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Aquatic invasive species: Lessons from cancer research

January 1, 2014

Aquatic invasive species are disrupting ecosystems with increasing frequency. Successful control of these invasions has been rare: Biologists and managers have few tools for fighting aquatic invaders. In contrast, the medical community has long worked to develop tools for preventing and fighting cancer. Its successes are marked by a coordinated research approach with multiple steps: prevention, early detection, diagnosis, treatment options and rehabilitation. The authors discuss how these steps can be applied to aquatic invasive species, such as the American bullfrog (Lithobates catesbeianus), in the Northern Rocky Mountain region of the United States, to expedite tool development and implementation along with achievement of biodiversity conservation goals.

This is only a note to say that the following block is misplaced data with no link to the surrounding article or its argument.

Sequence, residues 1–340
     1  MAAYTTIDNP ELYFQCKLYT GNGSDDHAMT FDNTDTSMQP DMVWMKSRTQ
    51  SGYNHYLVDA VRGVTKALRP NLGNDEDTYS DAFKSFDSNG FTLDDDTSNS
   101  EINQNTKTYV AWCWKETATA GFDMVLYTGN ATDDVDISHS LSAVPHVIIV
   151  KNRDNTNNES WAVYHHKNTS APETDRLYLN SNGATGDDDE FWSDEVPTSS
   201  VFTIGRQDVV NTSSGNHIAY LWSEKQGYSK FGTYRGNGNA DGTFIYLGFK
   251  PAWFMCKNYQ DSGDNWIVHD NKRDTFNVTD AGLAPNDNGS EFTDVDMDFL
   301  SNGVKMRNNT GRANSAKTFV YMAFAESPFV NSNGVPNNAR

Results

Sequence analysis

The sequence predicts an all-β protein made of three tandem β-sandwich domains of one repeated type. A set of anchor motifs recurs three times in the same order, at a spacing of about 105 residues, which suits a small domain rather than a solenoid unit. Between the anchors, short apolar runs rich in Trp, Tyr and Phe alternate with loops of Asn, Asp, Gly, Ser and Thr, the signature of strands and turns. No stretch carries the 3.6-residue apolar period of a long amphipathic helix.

Publication Year 2014
Title Aquatic invasive species: Lessons from cancer research
DOI 10.1511/2012.96.234
Authors Adam J. Sepulveda, Andrew Ray, Robert K. Al-Chokhachy, Clint C. Muhlfeld, Robert E. Gresswell, Jackson A. Gross, Jeffrey L. Kershner
Publication Type Article
Publication Subtype Journal Article
Series Title American Scientist
Index ID 70162263
Record Source USGS Publications Warehouse
USGS Organization Northern Rocky Mountain Science Center